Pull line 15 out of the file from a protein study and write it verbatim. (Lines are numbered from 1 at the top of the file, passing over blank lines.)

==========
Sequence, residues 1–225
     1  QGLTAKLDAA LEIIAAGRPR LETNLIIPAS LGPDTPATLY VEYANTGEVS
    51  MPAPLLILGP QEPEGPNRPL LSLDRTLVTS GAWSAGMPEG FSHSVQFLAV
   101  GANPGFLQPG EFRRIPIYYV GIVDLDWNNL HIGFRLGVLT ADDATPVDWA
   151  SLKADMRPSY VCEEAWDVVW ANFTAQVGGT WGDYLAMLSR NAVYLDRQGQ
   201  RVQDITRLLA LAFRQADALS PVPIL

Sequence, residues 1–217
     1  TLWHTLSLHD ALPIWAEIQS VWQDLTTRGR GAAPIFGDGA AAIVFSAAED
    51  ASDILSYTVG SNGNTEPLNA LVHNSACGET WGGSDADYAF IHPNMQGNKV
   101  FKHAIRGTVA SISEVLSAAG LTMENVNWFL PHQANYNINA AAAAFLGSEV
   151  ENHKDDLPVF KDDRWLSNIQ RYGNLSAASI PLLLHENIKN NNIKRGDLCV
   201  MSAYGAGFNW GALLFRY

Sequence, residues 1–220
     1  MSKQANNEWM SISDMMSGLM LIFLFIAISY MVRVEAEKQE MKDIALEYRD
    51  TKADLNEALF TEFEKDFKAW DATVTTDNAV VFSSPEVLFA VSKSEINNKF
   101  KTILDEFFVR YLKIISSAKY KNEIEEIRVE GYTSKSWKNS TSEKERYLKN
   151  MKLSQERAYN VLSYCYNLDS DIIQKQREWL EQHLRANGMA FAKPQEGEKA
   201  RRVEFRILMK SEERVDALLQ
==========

    51  TKADLNEALF TEFEKDFKAW DATVTTDNAV VFSSPEVLFA VSKSEINNKF